So there we have our original title, a twisted and dark RPG with strong character development across a small, misfit cast; namely a gypsy, a poet and a bishop.


Shadow HeartsIn 2001, and on the Playstation 2, came the first of the official trilogy to be released: Shadow Hearts. In this game Yuri Hyuga is sent on a quest by the mysterious voice in his head to protect the heroine Alice and ultimately protect the world from destruction by the villain. Discarding almost completely any notion of survival horror the game does retain the occult themes and dark fantasy genre of its predecessor. Somewhat unique among RPGs the game is set in the real world, albeit a real world in which every creepy and evil mythological creature is out to get you. As an RPG the game takes up the mantle of its genre defining ancestors with turn-based combat (no grid), NPCs and shops, sidequests galore and level-ups. The roaming around of a creepy monastery is traded out in favour of the more traditional RPG journey across multiple locales and for this game the group of misfits becomes larger and more diverse, a ‘It’s a Small World’ cultural collection. Both Koudelka and Roger Bacon return for this instalment in significant roles while the influence of and references to the previous game are strong and frequent including a return trip to the now collapsed ruins of Nemeton Monastery. The game includes some unique elements all of its own such as the judgement ring, a kind of quick time style task that dictates the success of every action in battle and quite a few out of battle, as well as the probably H.P. Lovecraft inspired sanity points system in which characters are driven insane, and berserk, during protracted fights against the many abyssal horrors they face.


Shadow Hearts Covenant2004 saw the release of the sequel, Shadow Hearts Covenant. Several characters make cameo appearances and fill more significant returning roles. Being a direct sequel the game features Yuri Hyuga as the returning main character, once again on a quest to stop the world from destruction via various occult dangers. Most elements of gameplay remain the same for this instalment retaining its dark and serious plotline though the locations themselves are generally less dark and grim in appearance and conception. The characters are once again a diverse group though this time the term misfit has a more literal meaning, the group includes the lost princess Anastasia and a superhero, wrestler, vampire. Whilst the previous game was far from devoid of comedy, often dipping into slapstick and perverted old man territory, the sequel plays the comedy angle up more including a curry themed wrestling club and colourful, almost supervillain-esque designs. Gameplay wise little has changed apart from refinements to the returning judgement ring and sanity point systems. Battles feature open roaming, though positioning is out of the player’s direct control, and a series of hit area specifics that allow for combos and combo magic. The playable characters once again have their own unique skills and abilities whilst spells, via crests, are much more customizable and usable by, almost, everyone.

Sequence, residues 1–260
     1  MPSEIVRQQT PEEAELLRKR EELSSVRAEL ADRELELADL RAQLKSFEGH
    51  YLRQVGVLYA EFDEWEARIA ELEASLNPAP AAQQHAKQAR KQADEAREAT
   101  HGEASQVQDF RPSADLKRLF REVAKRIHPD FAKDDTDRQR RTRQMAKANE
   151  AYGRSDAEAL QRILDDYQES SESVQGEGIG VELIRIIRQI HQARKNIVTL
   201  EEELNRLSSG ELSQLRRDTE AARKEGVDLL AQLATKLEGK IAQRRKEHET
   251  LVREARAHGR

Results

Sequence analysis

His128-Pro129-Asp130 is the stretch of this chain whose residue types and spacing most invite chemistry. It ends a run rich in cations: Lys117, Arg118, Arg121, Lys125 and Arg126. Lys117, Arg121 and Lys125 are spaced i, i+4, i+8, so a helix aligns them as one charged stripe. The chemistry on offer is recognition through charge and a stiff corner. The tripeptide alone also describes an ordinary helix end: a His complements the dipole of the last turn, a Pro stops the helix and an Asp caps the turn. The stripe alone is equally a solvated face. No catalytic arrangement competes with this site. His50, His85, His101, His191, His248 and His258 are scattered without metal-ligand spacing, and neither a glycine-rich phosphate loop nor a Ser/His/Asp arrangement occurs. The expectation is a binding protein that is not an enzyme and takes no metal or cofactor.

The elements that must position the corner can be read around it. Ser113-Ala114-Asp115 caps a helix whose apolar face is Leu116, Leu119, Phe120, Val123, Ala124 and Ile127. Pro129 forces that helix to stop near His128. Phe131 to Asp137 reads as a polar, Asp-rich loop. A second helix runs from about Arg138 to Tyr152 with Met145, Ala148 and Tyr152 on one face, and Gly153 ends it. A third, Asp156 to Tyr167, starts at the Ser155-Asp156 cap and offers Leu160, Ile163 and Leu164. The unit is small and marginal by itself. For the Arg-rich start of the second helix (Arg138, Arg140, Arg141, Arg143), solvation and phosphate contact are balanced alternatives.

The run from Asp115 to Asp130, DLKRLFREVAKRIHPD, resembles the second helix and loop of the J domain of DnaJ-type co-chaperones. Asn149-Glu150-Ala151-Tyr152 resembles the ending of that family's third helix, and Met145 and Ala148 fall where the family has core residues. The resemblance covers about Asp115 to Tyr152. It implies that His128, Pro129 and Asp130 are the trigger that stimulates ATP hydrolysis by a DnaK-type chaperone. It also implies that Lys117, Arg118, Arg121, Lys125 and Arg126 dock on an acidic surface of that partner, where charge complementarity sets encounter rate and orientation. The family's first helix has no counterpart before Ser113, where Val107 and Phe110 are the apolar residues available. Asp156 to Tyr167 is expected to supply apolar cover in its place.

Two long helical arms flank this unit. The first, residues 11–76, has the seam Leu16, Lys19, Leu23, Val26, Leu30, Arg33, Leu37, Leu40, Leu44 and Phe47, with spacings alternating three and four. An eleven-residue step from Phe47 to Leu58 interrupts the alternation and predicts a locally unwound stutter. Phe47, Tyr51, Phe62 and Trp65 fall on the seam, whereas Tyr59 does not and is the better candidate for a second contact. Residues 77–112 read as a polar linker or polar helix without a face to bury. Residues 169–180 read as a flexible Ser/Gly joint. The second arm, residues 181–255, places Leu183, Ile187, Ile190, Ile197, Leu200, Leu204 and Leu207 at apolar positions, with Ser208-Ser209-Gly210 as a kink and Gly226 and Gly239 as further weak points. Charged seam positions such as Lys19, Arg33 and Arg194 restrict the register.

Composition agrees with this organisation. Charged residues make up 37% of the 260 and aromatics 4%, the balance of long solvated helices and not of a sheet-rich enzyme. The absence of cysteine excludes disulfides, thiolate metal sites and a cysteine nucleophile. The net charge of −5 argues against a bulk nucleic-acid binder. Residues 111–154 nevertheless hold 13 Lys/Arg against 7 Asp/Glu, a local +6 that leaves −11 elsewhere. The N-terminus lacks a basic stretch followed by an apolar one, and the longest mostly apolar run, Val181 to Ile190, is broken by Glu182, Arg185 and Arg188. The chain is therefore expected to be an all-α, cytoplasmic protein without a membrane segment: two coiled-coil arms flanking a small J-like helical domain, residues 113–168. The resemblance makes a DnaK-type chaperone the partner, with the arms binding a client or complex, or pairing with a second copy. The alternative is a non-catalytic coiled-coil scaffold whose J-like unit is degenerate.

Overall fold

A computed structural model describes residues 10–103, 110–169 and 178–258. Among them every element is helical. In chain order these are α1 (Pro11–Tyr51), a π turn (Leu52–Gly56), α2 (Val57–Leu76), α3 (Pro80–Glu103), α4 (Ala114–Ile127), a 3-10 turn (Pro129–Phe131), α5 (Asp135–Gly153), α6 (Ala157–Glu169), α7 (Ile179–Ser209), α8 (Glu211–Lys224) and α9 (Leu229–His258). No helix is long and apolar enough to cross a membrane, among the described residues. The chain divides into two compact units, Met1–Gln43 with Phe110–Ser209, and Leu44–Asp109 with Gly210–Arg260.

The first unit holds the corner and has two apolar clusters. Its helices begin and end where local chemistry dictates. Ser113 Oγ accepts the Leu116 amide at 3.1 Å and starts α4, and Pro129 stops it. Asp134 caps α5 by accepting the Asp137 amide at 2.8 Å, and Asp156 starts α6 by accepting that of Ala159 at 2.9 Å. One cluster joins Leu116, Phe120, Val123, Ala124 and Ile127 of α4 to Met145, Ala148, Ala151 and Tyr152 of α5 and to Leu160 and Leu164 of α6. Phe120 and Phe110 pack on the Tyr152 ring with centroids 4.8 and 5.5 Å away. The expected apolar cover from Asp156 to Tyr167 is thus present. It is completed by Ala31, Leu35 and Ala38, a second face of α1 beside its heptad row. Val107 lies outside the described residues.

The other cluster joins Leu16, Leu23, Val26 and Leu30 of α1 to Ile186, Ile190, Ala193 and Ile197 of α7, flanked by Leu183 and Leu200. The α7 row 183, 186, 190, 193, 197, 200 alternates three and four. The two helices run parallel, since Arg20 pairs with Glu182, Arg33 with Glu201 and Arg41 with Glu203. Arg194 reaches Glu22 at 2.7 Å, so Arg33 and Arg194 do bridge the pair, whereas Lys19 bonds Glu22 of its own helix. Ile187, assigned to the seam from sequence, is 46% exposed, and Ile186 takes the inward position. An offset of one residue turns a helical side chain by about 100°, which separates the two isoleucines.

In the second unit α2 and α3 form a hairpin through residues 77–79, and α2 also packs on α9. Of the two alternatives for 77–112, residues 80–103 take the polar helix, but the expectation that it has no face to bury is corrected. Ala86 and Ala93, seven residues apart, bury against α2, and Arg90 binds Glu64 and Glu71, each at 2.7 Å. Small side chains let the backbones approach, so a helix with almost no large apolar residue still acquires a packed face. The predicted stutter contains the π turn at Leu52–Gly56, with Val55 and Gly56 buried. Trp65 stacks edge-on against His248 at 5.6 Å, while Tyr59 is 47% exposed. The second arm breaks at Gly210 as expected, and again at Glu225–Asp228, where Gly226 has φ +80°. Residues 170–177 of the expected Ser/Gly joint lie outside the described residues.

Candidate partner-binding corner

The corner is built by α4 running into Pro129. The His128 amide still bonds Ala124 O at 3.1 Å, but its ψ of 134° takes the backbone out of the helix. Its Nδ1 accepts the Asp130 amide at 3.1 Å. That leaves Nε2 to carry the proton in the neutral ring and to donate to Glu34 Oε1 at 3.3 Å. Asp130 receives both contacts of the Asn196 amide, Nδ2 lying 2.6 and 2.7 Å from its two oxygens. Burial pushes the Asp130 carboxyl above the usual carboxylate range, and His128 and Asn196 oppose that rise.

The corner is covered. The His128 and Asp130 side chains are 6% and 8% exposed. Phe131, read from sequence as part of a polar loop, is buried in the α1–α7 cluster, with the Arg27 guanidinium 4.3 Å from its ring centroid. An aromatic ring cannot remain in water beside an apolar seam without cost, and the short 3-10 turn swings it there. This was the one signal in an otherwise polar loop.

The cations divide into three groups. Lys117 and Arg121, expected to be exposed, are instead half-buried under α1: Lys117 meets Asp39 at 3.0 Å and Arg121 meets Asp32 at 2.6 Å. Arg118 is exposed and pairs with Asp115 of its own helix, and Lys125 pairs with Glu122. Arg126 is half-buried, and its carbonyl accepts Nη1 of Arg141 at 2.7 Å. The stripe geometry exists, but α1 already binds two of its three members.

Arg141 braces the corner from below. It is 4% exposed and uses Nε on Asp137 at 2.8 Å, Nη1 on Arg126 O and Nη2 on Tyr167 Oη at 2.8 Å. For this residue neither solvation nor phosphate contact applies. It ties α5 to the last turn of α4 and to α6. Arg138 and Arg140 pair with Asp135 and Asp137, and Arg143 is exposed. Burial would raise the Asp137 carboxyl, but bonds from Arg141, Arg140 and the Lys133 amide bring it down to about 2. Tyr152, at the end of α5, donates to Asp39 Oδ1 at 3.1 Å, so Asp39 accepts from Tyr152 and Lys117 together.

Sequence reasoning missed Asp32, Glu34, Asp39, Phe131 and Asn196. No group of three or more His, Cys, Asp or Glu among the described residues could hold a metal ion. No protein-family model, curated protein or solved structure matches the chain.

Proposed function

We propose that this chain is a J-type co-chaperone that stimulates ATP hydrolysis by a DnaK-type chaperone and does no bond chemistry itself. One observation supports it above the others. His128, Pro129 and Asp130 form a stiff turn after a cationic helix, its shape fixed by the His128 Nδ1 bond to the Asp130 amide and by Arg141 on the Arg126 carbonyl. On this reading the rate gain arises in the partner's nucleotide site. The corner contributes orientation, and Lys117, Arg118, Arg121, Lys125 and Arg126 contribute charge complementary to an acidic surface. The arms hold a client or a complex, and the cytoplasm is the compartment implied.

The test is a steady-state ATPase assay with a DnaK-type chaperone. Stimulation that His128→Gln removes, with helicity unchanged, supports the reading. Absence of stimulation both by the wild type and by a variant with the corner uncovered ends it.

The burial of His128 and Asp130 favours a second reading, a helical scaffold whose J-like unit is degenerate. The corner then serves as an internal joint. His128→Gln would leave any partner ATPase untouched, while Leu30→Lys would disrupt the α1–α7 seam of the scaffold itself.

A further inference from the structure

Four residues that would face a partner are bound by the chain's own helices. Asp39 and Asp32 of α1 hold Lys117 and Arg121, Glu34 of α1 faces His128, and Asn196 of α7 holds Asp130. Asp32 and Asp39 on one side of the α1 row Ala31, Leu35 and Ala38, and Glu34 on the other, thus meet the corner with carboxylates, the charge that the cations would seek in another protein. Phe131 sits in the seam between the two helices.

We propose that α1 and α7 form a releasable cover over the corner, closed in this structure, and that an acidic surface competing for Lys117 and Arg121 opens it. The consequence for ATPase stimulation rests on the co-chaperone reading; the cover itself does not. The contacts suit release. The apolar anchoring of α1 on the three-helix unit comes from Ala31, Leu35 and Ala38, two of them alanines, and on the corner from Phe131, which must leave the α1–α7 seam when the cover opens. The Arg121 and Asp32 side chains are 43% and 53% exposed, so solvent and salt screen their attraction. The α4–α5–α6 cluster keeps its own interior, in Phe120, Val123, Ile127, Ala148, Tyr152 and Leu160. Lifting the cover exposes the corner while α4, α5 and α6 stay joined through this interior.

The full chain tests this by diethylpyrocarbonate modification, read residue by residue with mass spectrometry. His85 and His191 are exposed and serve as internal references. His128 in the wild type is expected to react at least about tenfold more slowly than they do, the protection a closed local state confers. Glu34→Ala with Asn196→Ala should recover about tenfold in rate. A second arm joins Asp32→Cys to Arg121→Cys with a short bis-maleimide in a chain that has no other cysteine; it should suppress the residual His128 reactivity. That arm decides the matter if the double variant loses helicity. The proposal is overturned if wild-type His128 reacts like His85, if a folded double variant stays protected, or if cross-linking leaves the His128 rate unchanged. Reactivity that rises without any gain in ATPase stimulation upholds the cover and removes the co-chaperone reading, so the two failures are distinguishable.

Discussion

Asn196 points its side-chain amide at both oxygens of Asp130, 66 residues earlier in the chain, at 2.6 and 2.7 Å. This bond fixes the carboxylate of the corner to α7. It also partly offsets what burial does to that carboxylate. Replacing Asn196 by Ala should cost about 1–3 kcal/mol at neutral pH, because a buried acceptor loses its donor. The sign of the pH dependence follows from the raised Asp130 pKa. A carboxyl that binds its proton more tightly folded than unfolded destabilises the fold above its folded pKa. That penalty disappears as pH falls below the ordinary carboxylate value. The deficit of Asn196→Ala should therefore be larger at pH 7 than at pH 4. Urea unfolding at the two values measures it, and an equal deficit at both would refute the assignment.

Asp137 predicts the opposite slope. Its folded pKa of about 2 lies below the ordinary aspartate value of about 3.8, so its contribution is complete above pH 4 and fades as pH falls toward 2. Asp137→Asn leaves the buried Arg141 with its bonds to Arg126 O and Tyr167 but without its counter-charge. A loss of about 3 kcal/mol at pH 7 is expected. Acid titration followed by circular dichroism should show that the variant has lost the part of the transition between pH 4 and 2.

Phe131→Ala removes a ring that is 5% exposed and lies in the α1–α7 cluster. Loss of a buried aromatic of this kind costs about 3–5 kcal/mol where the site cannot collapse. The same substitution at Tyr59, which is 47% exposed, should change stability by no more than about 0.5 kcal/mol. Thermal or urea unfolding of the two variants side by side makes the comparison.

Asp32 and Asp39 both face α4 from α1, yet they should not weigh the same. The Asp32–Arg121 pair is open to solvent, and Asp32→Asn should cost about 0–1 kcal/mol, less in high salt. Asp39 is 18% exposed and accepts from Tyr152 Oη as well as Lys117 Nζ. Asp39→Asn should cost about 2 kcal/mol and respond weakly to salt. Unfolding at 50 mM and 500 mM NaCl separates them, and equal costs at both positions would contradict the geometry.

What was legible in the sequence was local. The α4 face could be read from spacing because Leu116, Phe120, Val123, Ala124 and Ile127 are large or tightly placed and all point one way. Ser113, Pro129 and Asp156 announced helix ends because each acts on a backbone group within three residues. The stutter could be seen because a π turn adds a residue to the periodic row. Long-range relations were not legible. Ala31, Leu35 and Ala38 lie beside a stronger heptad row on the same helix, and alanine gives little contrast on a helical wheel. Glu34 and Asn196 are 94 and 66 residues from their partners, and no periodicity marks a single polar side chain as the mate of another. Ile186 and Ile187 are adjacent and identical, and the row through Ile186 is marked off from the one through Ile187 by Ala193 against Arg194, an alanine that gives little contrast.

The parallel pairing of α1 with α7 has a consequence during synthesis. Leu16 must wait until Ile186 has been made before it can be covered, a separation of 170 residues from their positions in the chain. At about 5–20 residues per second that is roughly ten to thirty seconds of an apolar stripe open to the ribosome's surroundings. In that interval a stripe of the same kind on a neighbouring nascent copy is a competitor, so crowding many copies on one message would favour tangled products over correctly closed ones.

Shadow Hearts From The New WorldShadow Hearts: From The New World was the last of the series to be produced and took a departure from the story of the first two games of the trilogy leaving Yuri behind and focusing on new characters Johnny and Shania, though it remains connected through various little links and cameos. Building upon the trend in Covenant, From The New World delves even further into slapstick and downright silly comedy creating a much more light hearted, and often literally brighter, game world. The adventuring gang of misfits is now wholly weird and wonderful, featuring a Brazilian ninja and his master a giant talking cat and master of drunk fu. The plot is still technically dark but lacks the occult grimness of its predecessors and the battle system remains largely the same with some tweaks in the combo system and new reasoning behind the use and distribution of magical powers, now in the form of stellar charts.


The series as a whole has done well to remain connected and does a fascinating job of creating a fantastical history in which real-life characters like Roger Bacon are revealed to have been involved in mysterious and magical occurrences. The dark quality of the games’ stories remains throughout but is diluted and traded with comedy as the series progresses and the horror aspect is almost completely gone by the final edition. Meanwhile the core gameplay is left largely alone (ignoring the complete change from Koudelka to Shadow Hearts) only to be improved upon with each instalment.

Short Story: The Exile of Amphitryon

Beginnings_hist_greece copy